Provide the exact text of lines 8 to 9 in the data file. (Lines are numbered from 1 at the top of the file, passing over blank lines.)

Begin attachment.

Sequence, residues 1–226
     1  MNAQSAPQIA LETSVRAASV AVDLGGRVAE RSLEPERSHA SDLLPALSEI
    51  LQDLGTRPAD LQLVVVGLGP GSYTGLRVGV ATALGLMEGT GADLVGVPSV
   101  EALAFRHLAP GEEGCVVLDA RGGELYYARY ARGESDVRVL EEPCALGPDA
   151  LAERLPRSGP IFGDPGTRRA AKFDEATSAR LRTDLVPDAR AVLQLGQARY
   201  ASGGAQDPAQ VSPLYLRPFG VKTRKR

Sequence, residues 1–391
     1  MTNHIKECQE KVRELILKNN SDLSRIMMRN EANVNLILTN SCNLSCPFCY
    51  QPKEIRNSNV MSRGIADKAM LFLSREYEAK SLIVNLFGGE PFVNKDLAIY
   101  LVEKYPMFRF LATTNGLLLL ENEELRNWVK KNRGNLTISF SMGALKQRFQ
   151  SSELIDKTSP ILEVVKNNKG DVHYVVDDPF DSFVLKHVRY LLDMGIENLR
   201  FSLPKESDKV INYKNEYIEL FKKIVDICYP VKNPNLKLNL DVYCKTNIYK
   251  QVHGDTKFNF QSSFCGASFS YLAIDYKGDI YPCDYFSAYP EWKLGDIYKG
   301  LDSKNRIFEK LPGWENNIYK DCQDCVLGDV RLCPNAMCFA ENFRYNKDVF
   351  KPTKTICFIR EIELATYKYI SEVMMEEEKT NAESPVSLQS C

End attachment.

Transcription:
     1  MTNHIKECQE KVRELILKNN SDLSRIMMRN EANVNLILTN SCNLSCPFCY
    51  QPKEIRNSNV MSRGIADKAM LFLSREYEAK SLIVNLFGGE PFVNKDLAIY